A unique training event that Union Ambulance District participates in is the Active Killer Training. This training is put on by the Franklin County Sheriff’s Office, Union Ambulance District, and Union Fire Protection District, but Assistant Chief Kayla Herman brought the training to the next level for fire and EMS. She, along with representatives from Union Fire Protection District, got dozens of volunteers to play victims and gathered several manikins that can bleed out and display other injuries. They put together patient scenarios, and during the event, crews enter the building as they would in a real event and practice triage and extrication of these patients. In the morning, police, fire, and EMS break into groups and learn the fundamentals of their role in an active shooter situation. Then in the afternoon, they run two simulated sessions that start with dispatch and end when the school is cleared of all threats and all patients are brought to their collection points ready for transport.
In 2023, Union Ambulance District was awarded the Gold Achievement Award from Mission: Lifeline, which is a program designed to showcase prehospital agencies nationwide for excellence in heart attack and stroke care. Prehospital personnel are the first care providers to patients suffering from acute emergencies.
In addition, Union Ambulance District received a three-year grant award of $1.2 million from the Health Resources and Services Administration’s (HRSA) Rural Health Network Development grant. The effort to submit this grant was made possible in part by support from the Missouri Foundation for Health. The grant will fund MIH infrastructure development in both Franklin and Lincoln counties. The partners have formed the Eastern Missouri Mobile Integrated Healthcare (MIH) network that consists of the ambulance districts in Franklin and Lincoln Counties along with Compass Health Network, Mercy Washington, and Mercy Lincoln.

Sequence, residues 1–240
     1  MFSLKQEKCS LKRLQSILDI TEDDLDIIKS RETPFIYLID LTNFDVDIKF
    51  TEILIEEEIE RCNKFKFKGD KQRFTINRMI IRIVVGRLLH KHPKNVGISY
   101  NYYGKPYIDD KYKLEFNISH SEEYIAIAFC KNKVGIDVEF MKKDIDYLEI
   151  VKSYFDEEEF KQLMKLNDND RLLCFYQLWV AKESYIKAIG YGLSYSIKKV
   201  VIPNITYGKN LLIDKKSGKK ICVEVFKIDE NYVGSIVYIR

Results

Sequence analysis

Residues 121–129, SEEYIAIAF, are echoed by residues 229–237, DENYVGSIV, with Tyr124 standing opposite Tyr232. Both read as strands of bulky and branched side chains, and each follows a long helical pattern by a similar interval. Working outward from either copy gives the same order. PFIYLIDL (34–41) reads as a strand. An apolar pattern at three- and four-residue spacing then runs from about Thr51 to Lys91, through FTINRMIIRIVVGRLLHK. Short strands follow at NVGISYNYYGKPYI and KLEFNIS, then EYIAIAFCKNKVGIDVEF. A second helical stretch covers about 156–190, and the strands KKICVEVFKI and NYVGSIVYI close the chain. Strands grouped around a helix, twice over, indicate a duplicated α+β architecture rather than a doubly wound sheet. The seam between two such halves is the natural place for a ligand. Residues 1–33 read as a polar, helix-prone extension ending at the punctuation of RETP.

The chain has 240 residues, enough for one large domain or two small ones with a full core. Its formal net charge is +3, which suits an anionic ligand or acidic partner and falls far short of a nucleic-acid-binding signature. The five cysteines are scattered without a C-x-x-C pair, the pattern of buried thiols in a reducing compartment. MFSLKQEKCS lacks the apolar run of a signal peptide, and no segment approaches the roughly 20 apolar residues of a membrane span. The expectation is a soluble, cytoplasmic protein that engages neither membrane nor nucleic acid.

The leadership team at Union Ambulance District along with Nick Tiepelman, Chief of St. Clair Ambulance District; Tim Wilson, Supervisor at Washington Area Ambulance District; and Heather Pratt, EMS Liaison for Mercy Hospital Washington are taking the National Academy of EMS Physician’s Year Long Quality and Safety Course. The course will assist them in developing their QI programs both individually as districts and collectively under the medical direction of Mercy Hospital Washington. They believe as individual districts they don’t always have enough of a certain type of call to collect good data to make meaningful change. But if they could collect better data together, they hope to make real improvements to their system overall.
Michelle Mayer, Chief/Administrator of Union Ambulance District said, “We really care about our employees and give our employees a say in the equipment we purchase, how policies are written, how protocols adjusted, and what trainings are provided. I really can’t say enough good things about our employees. They are willing to step up and take on additional roles and responsibilities and have an incredible willingness to teach and train.”